Sol–Gel-Derived Materials for Production of Pin-Printed Reporter Gene Living-Cell Microarrays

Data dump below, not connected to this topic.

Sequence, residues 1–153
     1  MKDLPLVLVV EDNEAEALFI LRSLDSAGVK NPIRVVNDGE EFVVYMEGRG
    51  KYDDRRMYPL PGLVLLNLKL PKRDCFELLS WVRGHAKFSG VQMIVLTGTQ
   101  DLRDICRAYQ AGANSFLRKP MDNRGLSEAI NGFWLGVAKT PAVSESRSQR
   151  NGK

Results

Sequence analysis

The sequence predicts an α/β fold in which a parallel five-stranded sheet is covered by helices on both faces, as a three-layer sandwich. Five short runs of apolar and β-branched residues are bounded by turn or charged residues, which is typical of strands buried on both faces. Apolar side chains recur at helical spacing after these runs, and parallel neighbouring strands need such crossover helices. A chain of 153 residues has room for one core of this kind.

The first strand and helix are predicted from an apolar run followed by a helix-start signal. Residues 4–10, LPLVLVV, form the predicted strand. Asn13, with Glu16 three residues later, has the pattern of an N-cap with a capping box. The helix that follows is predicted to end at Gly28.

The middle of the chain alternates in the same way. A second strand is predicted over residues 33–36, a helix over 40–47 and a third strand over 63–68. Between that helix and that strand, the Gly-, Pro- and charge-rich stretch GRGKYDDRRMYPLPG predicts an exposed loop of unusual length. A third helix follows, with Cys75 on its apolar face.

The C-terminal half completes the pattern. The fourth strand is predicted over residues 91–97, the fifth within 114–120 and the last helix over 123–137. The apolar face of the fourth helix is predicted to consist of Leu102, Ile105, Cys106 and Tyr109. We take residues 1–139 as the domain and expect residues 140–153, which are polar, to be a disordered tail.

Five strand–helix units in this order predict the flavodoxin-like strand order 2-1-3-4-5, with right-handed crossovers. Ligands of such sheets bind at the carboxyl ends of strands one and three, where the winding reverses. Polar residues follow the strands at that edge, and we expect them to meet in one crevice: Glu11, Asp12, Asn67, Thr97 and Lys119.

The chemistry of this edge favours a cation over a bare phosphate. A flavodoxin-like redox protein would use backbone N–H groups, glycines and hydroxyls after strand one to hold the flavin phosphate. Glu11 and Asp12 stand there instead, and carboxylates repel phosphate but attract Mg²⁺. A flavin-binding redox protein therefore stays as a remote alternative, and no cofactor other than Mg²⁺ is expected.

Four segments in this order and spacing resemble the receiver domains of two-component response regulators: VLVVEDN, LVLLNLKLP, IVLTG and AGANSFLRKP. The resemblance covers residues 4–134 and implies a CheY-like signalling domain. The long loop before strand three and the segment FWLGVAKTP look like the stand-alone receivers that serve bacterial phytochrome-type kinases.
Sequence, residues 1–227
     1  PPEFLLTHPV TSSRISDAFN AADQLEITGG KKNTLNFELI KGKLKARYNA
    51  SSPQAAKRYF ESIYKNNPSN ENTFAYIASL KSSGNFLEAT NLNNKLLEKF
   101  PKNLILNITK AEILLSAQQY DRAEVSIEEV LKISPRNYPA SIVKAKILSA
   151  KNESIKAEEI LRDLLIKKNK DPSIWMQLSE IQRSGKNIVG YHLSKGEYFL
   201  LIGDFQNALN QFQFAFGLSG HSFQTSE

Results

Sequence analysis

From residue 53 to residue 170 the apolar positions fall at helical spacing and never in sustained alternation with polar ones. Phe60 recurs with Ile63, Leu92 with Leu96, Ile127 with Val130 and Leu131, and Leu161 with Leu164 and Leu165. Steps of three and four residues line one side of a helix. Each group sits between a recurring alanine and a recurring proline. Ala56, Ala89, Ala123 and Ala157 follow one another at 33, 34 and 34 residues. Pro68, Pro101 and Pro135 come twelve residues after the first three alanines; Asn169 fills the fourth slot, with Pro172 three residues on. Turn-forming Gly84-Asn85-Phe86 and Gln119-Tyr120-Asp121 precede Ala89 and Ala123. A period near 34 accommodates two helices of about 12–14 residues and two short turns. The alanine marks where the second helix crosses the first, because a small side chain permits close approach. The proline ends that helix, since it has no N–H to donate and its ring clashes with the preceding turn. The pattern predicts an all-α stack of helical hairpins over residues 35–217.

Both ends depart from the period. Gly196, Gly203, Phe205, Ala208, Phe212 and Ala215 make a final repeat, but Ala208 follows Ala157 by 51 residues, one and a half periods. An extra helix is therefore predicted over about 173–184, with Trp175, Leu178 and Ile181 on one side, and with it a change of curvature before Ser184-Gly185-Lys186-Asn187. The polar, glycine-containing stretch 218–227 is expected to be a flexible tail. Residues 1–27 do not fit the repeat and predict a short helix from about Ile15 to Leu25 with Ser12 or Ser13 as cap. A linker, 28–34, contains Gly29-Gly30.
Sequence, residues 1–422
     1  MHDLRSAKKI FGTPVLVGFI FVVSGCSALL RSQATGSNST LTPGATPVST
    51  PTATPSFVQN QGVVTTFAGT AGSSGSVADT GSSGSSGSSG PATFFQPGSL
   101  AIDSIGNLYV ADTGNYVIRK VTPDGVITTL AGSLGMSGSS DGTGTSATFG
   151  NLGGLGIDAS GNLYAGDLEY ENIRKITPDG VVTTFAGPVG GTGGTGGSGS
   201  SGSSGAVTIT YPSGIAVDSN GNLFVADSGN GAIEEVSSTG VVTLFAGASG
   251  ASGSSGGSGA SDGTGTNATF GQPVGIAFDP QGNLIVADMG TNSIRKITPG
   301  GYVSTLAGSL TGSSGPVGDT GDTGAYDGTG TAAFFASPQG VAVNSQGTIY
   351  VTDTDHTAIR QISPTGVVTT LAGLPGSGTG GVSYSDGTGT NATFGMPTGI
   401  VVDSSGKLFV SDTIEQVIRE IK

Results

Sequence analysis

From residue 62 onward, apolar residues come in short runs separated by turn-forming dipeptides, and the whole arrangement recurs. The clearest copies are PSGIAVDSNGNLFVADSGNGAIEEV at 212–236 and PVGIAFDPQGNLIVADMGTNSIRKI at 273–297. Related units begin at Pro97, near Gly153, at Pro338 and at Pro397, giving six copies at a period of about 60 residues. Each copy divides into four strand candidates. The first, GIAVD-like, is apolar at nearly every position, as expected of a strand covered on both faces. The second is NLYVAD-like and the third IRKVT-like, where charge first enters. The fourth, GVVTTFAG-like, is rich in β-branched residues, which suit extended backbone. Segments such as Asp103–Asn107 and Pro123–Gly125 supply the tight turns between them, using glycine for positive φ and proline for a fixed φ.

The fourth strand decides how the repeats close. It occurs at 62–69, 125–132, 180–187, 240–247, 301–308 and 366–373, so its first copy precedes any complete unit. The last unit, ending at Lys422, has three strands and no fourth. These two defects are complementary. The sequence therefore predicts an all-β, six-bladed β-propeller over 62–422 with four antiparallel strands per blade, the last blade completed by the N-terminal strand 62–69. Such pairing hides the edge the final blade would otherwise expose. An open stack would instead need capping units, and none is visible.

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We report the fabrication of three-dimensional living-cell microarrays via pin-printing of soft sol-gel-derived silica materials containing bacterial cells. Bacterial cells entrapped in the silica-glycerol microarray spots can express reporter genes and produce strong fluorescence signals. The signals responded to the presence and concentration of inducers or repressors as expected, indicating that the entrapped cells remained metabolically active. Microscopic imaging of individual microarray spots at different culture times suggests that the entrapped cells can grow and divide, phenomena further confirmed by experiments in bulk sol-gel materials that demonstrated the increases of entrapped cell density and fluorescence during incubation in culture media. The cell microarrays can also be printed into 96-well glass bottom microtiter plates in a multiplexed manner, and the fluorescence signals generated were able to quantitatively and selectively respond to the concentration of inducers, thus demonstrating the potential for multitarget biosensing and high-throughput/high-content cell-based screening. The signal levels of bacterial cells in silica were significantly higher than those in alginate arrays, presumably due to viability of the entrapped cells in silica sol-gels. Microarray stability assays proved that the entrapped cells retained their physiological activity after storage for four weeks. Given that a large number of fluorescent and luminescent protein-based cell assays have been developed, the reporter gene living-cell microarrays demonstrated in this paper are expected to be applicable to a wide variety of research areas ranging from bioanalysis and chemical biology to drug discovery and probing of cell-material interactions.
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